Canon Inc. wanted to create a scaled-back product launch during uncertain economic times that would still have a lasting impact on business partners and boost sales.
The company held a face-to-face event that normally takes place in several rooms in a single room and invited a select, focused group of guests to participate.
The smaller event spurred high sales for the product and is considered one of Canon's most successful product introductions.
When Canon Inc., a camera and office technologies company, had a new product line to introduce, it decided that, despite the need for a scaled-down event in the stumbling economy, a face-to-face meeting was essential to the success of its new devices. So it invited a “focus group” of 4,000 people to a highly specialized, targeted event.
The company commissioned MC2, Chestnut Ridge, N.Y., an exhibit and trade show booth production company, to assist in creating a new type of face-to-face meeting for its imageRUNNER Advance products, which are copiers and printers for home and office. Generally, Canon holds sessions, seminars and demos in separate rooms across a convention space. In this case, however, the company decided to use a single space.
“Although we ultimately decided to [produce] a more scaled-down event than we had done in the past, this allowed us to be very focused in terms of the message we delivered and the technology demonstrations we arranged,” said Dennis Amorosano, senior director-solutions marketing and business support at Canon USA. “In some ways, I think this focus proved to be very beneficial, as one of our core objectives in conducting the event was to get our selling activities for the new product line off to a fast start,” he said.
In order to target a specific group of business partners, Canon developed a small, two-day event in Oct. 2009 at the Bellagio Hotel in Las Vegas. In a single conference room it built a central stage for keynote presentations and seminars—with seating for 650 people. The company placed 28 product demo stations in four zones around the room, allowing attendees to see the new products being sold in real-life office scenerios.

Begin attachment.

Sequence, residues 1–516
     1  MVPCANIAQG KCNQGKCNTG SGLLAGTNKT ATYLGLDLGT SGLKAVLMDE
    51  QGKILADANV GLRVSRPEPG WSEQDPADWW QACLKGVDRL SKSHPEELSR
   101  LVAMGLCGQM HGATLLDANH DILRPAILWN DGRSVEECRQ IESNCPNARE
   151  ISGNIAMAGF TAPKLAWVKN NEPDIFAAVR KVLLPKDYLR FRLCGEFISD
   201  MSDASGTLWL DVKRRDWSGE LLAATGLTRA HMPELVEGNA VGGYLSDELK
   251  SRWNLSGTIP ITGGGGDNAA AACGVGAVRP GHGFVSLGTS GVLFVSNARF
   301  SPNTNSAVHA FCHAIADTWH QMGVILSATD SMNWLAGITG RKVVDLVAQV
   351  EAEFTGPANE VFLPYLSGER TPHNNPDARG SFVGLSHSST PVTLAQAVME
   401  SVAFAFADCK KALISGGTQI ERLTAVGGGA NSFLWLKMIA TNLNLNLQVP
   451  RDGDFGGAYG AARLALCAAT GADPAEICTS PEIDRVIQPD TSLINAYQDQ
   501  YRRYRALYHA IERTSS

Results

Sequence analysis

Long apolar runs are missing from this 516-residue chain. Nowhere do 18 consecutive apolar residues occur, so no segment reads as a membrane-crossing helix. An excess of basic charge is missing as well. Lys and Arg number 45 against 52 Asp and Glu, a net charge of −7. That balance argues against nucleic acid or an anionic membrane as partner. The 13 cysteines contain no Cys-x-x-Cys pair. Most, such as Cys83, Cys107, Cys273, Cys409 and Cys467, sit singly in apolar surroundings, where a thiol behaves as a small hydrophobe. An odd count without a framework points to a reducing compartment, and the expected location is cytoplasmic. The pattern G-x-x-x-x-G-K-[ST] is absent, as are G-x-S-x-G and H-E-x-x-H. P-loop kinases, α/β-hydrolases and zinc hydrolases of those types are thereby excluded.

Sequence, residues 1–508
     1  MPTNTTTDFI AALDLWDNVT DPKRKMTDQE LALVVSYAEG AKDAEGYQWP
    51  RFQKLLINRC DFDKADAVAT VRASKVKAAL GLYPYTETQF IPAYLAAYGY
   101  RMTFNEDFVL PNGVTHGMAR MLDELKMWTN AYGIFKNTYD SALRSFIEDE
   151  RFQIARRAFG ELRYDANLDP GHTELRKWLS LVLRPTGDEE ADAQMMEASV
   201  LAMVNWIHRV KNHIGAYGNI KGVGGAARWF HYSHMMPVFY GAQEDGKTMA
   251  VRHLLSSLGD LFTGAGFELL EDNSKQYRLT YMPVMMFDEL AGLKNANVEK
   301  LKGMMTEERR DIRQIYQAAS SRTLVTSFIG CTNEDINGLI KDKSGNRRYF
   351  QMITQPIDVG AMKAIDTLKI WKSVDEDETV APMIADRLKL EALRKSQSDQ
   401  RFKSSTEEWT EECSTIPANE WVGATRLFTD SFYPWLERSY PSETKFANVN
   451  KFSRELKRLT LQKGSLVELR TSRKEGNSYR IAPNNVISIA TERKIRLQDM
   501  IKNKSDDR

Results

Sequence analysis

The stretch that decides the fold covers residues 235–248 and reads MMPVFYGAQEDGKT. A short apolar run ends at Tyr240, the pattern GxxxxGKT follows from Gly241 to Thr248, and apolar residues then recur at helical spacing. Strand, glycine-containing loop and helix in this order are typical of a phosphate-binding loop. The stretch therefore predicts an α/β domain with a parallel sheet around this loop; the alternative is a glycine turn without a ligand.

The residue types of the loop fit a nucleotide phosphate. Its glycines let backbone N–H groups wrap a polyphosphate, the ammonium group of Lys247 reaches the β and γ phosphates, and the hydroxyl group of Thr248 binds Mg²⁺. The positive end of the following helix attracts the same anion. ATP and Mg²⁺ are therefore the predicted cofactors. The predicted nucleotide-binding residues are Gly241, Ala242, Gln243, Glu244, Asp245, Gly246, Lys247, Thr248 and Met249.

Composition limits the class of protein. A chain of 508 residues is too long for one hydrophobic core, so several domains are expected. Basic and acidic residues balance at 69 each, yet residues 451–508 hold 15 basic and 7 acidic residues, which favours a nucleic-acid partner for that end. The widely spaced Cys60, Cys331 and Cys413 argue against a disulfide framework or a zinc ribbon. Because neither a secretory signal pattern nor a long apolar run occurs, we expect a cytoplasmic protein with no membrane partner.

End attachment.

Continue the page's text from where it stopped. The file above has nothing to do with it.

“Because the stage was actively integrated in the rest of the floor plan, it made for an excellent congregating point for guests,” Amorosano said. And the demonstration areas allowed the company's customers to see how the new products could directly benefit them. “One of our goals was to drive these demonstrations in such a way as to tie each zone of the event together,” he said. “By doing this, we could show customers how they could integrate our technology throughout their entire operation.”
Though the launch event was smaller than others Canon had done in the past, the focused nature of its event design made it highly successful. “Overall, we felt that this was one of the better events we did,” Amorosano said. “The feedback we received from dealers and customers was excellent, and it was clear to us that attendees walked away with a clear understanding of our message.”
And that, he said, would have been very difficult to achieve without the benefit of a face-to-face event. “While technology today certainly gives us more flexibility in delivering content, it is very difficult to replace the value that can be achieved through face-to-face encounters,” Amoro-sano said. “It was important for us to meet with our dealer partners in person so they could clearly understand Canon's commitment to the market and the benefits we believed our new technology was capable of providing. Many value propositions associated with Canon's technology need to be seen in order to be clearly understood. Trying to do this remotely would have been extremely challenging. The face-to-face approach was the ideal way to deliver the message.”
The greatest measure of success, Amorosano said, was the significant sales bump the company experienced after the event. “We wanted to use this event to stimulate sales at the launch of our new products. The results we experienced during the fourth quarter of the year were terrific.”